Author Affiliation: Division of Endocrinology, The Johns Hopkins University School of Medicine, Baltimore, Md. Dr Krasner is now with Pfizer Inc, Groton, Conn.
Grand Rounds at The Johns Hopkins Hospital Section
Editors: David B. Hellmann, MD, D. William Schlott, MD, Stephan D.
Sisson, MD, The Johns Hopkins Hospital, Baltimore, Md; David S. Cooper, MD,
Contributing Editor, JAMA.
DR KRASNER: Our patient is a 36-year-old woman.
Around 15 years ago, she began suffering recurrent episodes of acute sinusitis,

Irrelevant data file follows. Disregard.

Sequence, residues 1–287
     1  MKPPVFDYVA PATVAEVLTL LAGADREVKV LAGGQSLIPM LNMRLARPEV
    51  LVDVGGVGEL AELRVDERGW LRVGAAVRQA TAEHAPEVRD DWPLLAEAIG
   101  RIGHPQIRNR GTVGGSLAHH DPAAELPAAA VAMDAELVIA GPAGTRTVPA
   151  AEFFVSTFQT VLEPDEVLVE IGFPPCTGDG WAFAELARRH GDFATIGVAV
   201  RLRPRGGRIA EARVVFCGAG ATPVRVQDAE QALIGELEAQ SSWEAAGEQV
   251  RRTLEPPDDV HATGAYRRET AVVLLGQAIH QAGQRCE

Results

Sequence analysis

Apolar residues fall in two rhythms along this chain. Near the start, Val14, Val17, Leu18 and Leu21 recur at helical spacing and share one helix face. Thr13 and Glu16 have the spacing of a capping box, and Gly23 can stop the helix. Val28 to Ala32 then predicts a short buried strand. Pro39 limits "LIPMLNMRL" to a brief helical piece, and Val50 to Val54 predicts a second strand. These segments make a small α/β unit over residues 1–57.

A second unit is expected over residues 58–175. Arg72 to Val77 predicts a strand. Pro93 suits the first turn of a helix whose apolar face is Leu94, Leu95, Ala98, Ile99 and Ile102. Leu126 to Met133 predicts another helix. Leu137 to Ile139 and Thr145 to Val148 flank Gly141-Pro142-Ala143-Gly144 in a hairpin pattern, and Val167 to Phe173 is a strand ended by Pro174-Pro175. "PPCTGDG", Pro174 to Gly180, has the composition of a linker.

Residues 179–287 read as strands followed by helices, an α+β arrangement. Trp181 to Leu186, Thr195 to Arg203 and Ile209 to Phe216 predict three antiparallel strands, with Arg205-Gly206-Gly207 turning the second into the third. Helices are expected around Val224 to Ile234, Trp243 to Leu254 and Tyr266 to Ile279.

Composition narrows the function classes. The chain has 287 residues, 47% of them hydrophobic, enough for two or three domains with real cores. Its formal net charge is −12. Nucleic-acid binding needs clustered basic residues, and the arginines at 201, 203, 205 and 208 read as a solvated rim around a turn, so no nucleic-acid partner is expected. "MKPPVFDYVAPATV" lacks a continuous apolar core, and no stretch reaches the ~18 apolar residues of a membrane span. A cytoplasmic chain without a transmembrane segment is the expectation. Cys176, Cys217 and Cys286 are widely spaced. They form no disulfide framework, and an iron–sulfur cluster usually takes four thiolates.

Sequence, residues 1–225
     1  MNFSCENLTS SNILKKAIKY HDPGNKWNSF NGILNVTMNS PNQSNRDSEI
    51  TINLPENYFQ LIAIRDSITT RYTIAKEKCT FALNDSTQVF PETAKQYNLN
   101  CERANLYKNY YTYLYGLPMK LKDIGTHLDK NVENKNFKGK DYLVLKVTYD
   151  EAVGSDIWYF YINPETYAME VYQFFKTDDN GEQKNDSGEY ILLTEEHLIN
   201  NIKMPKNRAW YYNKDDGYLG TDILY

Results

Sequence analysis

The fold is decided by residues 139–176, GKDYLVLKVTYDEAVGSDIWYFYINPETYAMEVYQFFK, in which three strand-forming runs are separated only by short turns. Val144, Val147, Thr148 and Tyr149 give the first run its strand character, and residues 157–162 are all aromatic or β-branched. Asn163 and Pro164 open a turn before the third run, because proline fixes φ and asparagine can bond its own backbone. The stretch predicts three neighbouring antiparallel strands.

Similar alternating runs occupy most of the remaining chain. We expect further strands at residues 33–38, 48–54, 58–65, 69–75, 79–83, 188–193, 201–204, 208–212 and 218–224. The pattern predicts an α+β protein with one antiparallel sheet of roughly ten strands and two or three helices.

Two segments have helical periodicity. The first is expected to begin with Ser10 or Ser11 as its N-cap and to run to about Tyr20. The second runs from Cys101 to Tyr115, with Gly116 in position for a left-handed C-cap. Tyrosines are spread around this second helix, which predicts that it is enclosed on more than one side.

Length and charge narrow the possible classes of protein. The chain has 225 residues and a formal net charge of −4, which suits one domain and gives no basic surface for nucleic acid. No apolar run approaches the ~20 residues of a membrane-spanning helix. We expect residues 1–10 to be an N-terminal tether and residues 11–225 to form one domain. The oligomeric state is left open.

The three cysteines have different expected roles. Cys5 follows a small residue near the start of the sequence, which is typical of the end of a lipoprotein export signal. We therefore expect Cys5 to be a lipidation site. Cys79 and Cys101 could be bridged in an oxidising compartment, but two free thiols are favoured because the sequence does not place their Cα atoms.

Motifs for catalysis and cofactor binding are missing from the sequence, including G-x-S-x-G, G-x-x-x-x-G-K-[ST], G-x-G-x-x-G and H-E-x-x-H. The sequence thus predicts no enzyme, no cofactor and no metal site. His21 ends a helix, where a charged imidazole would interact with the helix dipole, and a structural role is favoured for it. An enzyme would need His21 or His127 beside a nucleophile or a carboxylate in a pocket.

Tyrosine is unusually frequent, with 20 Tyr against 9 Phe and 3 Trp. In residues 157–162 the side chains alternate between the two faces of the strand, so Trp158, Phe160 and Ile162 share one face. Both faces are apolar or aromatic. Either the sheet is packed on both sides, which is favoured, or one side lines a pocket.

followed by asthma attacks. She was treated repeatedly with bronchodilators,
antibiotics, and short courses of glucocorticoids. During this time, she underwent
5 operations for hyperplastic sinus polyps. Two years ago, after a particularly
severe asthma attack, her physician prescribed an indefinite course of glucocorticoid
therapy. She began with prednisone, 25 mg/d for 2 months, followed by 20 mg/d
for 2 more months. Then her medication was changed to triamcinolone, starting
at 4 mg/d and the dosage slowly tapered to 2 mg/d.
Krasner AS. Glucocorticoid-Induced Adrenal Insufficiency. JAMA. 1999;282(7):671-676. doi:10.1001/jama.282.7.671